The tug o’ war between economic improvement and the resurgence of COVID-19 has the equity market gyrating back and forth depending which sentiment rules the headlines each day. We have a few weeks before the second quarter earnings reports start, so the economic data and COVID headlines are the main catalysts for market direction. An example from last week would be the strong retail sales data for May contrasted with resurgence of COVID cases in several states.
Retail sales for May were +17.7% month-over-month. Several beleaguered categories showed a sharp rebound such as apparel (+188%), furniture (+88%), and motor vehicles and parts (+44%). Gasoline stations posted a 13% increase as driving miles have picked up. Online retail was 9% higher after being one of the few positive categories in both March and April. As mentioned last week, a combination of discretionary cash flow and a pent-up demand to use it likely persists in the near-term.
The current consensus for second quarter S&P 500 earnings is for a year-over-year decline of 42.9% on a 12.0% revenue decline. The bulk of the COVID related impact to the economy should be experienced in the second quarter and should mark a trough in both earnings and GDP decline in the U.S. Second quarter GDP is currently forecast to be down 34.8%. Barring another COVID-like event, we should see incremental growth in the second half of 2020 and above-average growth in 2021.
Initial unemployment claims for the week of June 13th decreased to 1.508 million versus 1.566 million the week prior. The four-week moving average decreased to 1.774 million. Continuing Claims for June 6th were 20.544 versus 20.606 the week prior. The weekly new claims are being counterbalanced by new jobs created and furloughed workers returning to jobs. We view gains in employment to be a significant indicator of the health of the economy and a measure of a return to normal economic and social activity.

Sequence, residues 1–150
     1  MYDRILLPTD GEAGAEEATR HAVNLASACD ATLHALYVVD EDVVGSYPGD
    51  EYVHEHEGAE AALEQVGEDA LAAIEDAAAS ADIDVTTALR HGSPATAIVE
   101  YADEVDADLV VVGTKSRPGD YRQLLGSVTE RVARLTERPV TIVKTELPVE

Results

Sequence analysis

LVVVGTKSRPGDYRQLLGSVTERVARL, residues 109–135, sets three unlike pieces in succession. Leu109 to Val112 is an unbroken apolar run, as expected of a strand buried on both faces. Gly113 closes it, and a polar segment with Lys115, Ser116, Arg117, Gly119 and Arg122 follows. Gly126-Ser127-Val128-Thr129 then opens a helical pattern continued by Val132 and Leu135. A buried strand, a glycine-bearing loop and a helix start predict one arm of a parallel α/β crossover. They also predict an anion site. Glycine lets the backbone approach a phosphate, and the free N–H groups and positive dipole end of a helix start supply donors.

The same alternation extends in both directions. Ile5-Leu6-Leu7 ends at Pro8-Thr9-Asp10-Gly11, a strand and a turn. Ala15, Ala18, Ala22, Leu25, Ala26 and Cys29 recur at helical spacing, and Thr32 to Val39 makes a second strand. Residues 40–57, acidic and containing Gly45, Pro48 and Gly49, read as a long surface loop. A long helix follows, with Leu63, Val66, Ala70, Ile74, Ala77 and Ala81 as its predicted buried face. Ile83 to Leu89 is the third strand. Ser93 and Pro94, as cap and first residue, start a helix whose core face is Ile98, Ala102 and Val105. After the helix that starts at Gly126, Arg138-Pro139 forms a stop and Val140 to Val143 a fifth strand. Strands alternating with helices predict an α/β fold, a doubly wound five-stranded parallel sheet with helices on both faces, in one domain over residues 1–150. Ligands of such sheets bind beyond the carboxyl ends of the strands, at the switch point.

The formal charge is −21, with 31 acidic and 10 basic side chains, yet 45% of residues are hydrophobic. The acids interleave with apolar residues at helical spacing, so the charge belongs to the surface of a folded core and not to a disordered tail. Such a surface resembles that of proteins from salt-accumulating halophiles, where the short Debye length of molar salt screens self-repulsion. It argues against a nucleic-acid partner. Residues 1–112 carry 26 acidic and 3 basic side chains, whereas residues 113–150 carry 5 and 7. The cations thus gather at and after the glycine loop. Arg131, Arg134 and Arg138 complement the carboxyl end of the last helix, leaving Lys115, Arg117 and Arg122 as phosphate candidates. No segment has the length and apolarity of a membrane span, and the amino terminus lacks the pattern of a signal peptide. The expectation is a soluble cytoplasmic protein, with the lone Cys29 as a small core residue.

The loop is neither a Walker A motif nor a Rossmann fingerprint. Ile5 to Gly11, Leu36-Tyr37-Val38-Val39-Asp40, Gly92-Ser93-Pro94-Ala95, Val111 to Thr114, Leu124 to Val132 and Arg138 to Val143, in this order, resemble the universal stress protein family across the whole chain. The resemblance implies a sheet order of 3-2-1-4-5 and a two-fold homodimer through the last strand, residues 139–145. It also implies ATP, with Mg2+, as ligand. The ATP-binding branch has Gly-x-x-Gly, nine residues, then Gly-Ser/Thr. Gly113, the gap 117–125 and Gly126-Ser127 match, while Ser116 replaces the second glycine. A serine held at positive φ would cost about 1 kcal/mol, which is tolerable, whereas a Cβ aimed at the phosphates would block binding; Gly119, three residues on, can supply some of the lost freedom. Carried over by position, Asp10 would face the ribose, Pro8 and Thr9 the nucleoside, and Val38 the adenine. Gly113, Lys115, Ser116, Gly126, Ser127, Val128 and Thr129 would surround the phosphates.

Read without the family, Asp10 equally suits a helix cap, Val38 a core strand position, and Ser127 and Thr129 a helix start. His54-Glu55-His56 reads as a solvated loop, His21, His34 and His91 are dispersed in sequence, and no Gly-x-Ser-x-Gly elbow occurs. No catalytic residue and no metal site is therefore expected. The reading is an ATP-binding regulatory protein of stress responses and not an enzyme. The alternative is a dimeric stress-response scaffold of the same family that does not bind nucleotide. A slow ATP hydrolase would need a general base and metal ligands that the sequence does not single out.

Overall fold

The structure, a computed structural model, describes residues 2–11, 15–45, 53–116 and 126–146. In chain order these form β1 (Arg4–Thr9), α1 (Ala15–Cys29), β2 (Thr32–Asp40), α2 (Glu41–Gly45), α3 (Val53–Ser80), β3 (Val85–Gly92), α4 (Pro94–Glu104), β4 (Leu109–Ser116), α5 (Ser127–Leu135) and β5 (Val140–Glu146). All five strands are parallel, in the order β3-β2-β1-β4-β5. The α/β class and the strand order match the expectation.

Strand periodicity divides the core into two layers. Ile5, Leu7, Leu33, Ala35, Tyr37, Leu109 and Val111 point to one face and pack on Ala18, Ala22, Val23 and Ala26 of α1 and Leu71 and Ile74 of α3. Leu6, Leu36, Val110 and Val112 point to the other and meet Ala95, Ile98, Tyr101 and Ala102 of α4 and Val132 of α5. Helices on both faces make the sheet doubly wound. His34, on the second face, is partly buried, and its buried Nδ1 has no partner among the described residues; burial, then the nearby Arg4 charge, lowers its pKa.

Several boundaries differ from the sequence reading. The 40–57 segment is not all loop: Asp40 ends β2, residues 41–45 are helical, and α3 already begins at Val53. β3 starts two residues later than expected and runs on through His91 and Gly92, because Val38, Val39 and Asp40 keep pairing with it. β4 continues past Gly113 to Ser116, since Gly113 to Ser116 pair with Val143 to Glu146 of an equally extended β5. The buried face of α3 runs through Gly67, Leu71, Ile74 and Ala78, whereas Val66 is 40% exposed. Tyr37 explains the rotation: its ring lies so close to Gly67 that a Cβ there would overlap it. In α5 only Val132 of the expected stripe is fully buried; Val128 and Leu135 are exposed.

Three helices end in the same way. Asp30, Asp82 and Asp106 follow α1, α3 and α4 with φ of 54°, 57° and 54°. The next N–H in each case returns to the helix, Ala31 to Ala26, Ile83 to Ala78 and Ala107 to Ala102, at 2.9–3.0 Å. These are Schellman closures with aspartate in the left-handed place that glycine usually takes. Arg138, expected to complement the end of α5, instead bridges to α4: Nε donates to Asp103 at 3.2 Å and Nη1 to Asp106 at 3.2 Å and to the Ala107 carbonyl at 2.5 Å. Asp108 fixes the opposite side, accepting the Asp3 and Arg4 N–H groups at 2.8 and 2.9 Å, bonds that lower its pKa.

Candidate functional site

In our Dissecting Headlines section we look at Durable Goods Orders.
Financial Market Update
Dissecting Headlines: Durable Goods Orders
Durable goods are items that are meant to have a longer lifespan such as furniture, appliances, and motor vehicles, as well as industrial items such as machinery, aircraft, and military hardware. The monthly Durable Goods report released by the Census Bureau provides data on durable goods shipments, inventories, and new orders.
The new orders receive attention each month as they can indicate demand in the economy. Transportation goods such as trucks and commercial airplanes can have a long lead time and a lumpy order pattern, so the report presents data with and without this category. Military equipment can likewise have an irregular pattern.
Durable goods orders declined sharply in March and April as the economy was hit with the COVID-19 shutdown. Especially hard hit was the transportation category as commercial airline traffic declined and airlines struggled with financial liquidity. Durable goods for April were –17.2% from March and –7.4% excluding transportation.
For May, durable goods orders are expected to rebound approximately 12% and 4% excluding transportation goods. The report is scheduled for June 25th.
Current and previous Durable Goods reports can be found on the Census Bureau website: https://www.census.gov/manufacturing/m3/index.html
Want a printable version of this report? Click here: NovaPoint June 22, 2020
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